John Frank can be reached at or (352) 754-6114.

Pain at Hernando County Clerk of Court, County Courthouse: layoffs, furloughs, pay cut 05/22/09 [Last modified: Friday, May 22, 2009 6:29pm]
Photo reprints | Article reprints

© 2017 Tampa Bay Times


Join the discussion: Click to view comments, add yours

  1. Former owner of Sirata Beach Resort purchases two Tampa Bay shopping centers

    Real Estate

    ST. PETERSBURG — After selling the Sirata Beach Resort and Conference in February, Nicklaus of Florida, Inc., has purchased two Tampa Bay shopping centers to diversify the firm's portfolio in the area. Colliers International, representing the sellers, announced the transaction this week.

    Sirata Beach Resort and Conference Center, one of Tampa Bay's last family-owned beach hotels, was sold to a Texas-based company, Crescent Real Estate LLC for $108.19 million. [LARA CERRI | Times]
  2. Shania Twain arena tour includes Tampa stop this time


    Shania Twain is coming to Tampa as part of a major U.S. tour in support of her forthcoming (and long-awaited) new album Now.

    Shania Twain will play Amalie Arena in Tampa in 2018.
  3. In one day, fundraisers appear to reach goal to move Confederate monument from downtown Tampa


    TAMPA — Hillsborough County commissioners gave an ultimatum Wednesday to people who want to move a Confederate monument from downtown Tampa: Raise the money yourselves or it stays. They had 30 days.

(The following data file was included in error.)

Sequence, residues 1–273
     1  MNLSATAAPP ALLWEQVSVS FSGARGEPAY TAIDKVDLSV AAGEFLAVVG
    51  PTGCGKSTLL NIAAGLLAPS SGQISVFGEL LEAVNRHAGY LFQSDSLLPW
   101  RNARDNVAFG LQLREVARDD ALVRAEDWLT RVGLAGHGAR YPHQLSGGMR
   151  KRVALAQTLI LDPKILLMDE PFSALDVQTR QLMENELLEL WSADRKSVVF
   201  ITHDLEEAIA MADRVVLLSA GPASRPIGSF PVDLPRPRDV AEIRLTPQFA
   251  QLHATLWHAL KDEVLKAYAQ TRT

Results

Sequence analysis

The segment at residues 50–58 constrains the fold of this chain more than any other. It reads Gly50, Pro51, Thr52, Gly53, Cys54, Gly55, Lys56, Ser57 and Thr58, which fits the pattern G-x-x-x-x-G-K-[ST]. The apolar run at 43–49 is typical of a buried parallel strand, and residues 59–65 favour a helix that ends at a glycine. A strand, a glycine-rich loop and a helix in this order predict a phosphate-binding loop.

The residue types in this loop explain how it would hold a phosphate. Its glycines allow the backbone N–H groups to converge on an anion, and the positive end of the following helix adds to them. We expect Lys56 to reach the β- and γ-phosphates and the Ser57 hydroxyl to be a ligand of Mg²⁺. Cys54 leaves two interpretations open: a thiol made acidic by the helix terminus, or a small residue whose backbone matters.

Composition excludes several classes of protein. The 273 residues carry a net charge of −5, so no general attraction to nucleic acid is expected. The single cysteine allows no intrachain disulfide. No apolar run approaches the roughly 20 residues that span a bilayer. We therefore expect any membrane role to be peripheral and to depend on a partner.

It took 24 hours.

    Private money is flowing in to help move the Memoria in Aeterna Confederate monument from the old county courthouse to a private family cemetery. [CHRIS URSO   |   Times]
  4. Who are the antifa?


    On Monday, President Donald Trump capitulated to the popular demand that he distance himself from his comment that "many sides" were to blame in Charlottesville by explicitly denouncing white nationalism. "Racism is evil," he appeared to grudgingly concede, "including the KKK, neo-Nazis and white supremacists."

    A group of counterprotesters who identified themselves as antifa, or anti-fascists, rest Saturday during a rally of white nationalists in Charlottesville, Va. Counterprotesters in Charlottesville came united against white supremacy, but they advocated a wide array of beliefs, tactics and goals. [Edu Bayer | New York Times]
  5. Lucky carrot: Alberta woman finds mother-in-law's lost ring

    Bizarre News

    CAMROSE, Alberta — A Canadian woman who lost her engagement ring 13 years ago while weeding her garden on the family farm is wearing it proudly again after her daughter-in-law pulled it from the ground on a misshapen carrot.

    In an undated photo provided by Iva Harberg, Mary Grams, 84, holds a carrot that grew through her engagement ring in Alberta, Canada. Grams, who lost her diamond ring 13 years ago while pulling weeds in her garden, is wearing it proudly again after her daughter-in-law pulled it from the ground on a misshapen carrot. Grams, 84, said she can't believe the vegetable actually grew through and around the diamond engagement ring she had given up for lost. [Iva Harberg/The Canadian Press via AP]